a measure of responsibility

How long will it be before someone dies, or kills another Yukoner because they were talking on the phone, or texting while driving? Will it be you? It could be. Easily. Most people have answered a phone while driving.

How long will it be before someone dies, or kills another Yukoner because they were talking on the phone, or texting while driving?

Will it be you?

It could be. Easily.

Most people have answered a phone while driving.

The things are ubiquitous, and their ringer calls to us like the mythical Siren. It is damn difficult to ignore.

And flicking that handset open and carrying on a conversation while driving is akin to sliding behind the wheel after downing three beers.

Apparently, despite all its cleverness and dexterity, our species, Homo sapiens, has a hard time holding a cellphone, turning a steering wheel, shifting gears, checking the rearview mirror, shoulder checking, signalling and touching brakes while carrying on a conversation with a demanding daughter. Or son.

Who knew?

Well, most people.

Let’s not kid ourselves. This isn’t anything new. The perils of driving and talking on a cellphone have been well documented for more than 10 years.

Researchers have determined the brain has a hard time concentrating on the road and on a conversation at the same time. When we’re on the phone, we are either not giving our full attention to the person we’re talking to, or the road.

And the road never says, “Did you get that?”

Now, some argue that people listen to the radio all the time. But the radio doesn’t talk back, or demand a response.

Of course, we talk to people while we’re driving all the time, but they are sharing the same road experience and can tailor their conversation to events on the road.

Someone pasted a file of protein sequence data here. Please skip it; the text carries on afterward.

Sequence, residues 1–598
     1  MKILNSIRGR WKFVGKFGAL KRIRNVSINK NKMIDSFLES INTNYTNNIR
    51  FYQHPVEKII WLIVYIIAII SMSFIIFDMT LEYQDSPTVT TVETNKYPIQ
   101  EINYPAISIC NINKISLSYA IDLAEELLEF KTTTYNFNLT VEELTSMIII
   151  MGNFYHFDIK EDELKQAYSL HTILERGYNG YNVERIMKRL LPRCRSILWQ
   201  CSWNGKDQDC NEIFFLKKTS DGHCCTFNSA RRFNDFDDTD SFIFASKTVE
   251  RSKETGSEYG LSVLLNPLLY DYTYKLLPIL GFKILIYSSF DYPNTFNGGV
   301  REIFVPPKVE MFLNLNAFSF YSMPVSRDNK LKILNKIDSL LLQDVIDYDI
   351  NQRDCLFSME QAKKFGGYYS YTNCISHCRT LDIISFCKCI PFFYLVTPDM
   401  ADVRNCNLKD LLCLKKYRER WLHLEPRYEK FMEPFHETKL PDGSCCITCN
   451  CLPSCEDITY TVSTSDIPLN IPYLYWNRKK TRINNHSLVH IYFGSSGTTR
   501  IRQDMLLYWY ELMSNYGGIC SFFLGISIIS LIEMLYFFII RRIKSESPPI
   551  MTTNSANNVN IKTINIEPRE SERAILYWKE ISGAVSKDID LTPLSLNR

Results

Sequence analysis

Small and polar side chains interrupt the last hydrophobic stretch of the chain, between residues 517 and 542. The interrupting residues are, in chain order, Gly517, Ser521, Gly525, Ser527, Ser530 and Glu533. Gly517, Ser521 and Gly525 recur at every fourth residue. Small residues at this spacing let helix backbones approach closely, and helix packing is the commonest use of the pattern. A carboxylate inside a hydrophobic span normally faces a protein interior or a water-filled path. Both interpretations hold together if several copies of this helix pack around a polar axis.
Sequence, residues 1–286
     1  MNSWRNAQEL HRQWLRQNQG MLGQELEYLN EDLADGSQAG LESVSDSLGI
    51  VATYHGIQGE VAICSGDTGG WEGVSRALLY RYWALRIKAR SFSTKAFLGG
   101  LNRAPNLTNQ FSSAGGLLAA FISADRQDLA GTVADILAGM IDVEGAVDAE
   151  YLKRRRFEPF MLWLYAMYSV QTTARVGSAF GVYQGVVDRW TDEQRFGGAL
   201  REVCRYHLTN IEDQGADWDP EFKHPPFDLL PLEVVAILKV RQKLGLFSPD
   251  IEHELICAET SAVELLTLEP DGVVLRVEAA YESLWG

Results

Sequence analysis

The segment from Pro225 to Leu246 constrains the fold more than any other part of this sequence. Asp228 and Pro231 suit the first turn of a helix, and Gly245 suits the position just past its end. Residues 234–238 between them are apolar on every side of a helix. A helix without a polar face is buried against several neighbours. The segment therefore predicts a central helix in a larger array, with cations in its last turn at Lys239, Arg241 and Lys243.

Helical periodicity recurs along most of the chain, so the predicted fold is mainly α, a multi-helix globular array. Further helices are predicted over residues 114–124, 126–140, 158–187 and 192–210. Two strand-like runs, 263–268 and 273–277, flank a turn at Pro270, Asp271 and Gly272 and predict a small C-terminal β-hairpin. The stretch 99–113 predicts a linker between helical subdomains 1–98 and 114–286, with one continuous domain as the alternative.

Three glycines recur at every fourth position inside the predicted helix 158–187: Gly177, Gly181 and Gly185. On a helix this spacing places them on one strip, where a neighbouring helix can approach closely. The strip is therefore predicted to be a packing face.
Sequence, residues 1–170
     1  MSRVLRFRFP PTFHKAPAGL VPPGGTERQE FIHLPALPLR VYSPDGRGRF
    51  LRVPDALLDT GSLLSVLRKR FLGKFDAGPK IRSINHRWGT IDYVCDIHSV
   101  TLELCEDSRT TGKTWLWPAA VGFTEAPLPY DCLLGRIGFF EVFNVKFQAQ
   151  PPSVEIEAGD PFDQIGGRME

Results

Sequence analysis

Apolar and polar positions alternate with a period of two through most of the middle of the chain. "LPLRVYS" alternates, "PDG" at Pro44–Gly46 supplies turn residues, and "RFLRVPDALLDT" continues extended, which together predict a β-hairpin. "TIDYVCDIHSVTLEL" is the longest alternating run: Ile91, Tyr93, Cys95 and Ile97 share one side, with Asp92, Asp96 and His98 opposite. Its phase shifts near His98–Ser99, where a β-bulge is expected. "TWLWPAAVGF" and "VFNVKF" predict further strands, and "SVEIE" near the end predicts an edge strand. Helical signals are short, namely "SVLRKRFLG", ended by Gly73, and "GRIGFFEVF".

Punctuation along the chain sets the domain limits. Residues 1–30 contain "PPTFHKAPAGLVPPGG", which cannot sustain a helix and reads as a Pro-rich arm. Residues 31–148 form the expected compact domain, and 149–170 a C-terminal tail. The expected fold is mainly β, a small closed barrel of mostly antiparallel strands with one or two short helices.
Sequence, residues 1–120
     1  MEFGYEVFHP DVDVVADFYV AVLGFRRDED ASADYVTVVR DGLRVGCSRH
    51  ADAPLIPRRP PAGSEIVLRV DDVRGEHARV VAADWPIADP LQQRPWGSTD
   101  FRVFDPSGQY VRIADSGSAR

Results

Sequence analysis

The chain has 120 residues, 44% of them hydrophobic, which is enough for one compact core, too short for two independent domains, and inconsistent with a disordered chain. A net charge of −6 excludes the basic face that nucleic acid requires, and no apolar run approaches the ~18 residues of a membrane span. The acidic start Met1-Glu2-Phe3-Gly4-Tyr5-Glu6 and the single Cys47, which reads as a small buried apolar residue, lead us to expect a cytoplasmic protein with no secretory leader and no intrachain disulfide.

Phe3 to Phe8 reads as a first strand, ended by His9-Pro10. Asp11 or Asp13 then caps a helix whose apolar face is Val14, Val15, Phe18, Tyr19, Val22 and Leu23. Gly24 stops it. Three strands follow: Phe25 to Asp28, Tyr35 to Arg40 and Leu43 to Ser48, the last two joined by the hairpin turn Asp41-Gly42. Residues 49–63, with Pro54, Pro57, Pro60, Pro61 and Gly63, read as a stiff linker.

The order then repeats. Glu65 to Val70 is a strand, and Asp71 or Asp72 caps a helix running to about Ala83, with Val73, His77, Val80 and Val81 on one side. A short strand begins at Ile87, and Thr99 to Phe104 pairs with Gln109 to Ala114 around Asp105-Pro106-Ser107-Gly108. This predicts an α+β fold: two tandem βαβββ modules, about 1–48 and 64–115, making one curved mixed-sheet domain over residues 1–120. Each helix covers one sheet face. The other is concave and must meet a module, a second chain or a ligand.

And let’s not forget that the technology is getting much more sophisticated.

Handheld computing technology has advanced exponentially.

Today, in addition to holding the cellphone, turning a steering wheel, shifting gears, checking the rearview mirror, shoulder checking, signalling and touching brakes while carrying on a conversation, you can read an e-mail and write a reply.

It’s called multitasking.

Others might call it idiocy. But there are many people who do it.

And, really, besides common sense, there is nothing on the books preventing it.

Such activities are not against the law in the Yukon, and there’s no evidence it’s a priority for the territorial government.

But most other provinces have acted to ban the practice.

Quebec, Newfoundland and Labrador, Nova Scotia, BC and Ontario have all outlawed it. Alberta announced it will introduce legislation soon, as has Manitoba.

Enforcement is a problem, but it always is.

However, having a law on the books does send the message that the practice is against the societal norm.

And that less-than-subtle message could probably save someone’s life.

Besides, as Aaron Mcgowan notes in his letter on page 8, if the government fails to pass legislation banning the practice, it bears a measure of blame for any cellphone-related traffic deaths.

It’s an good point. We thank him for making it. (Richard Mostyn)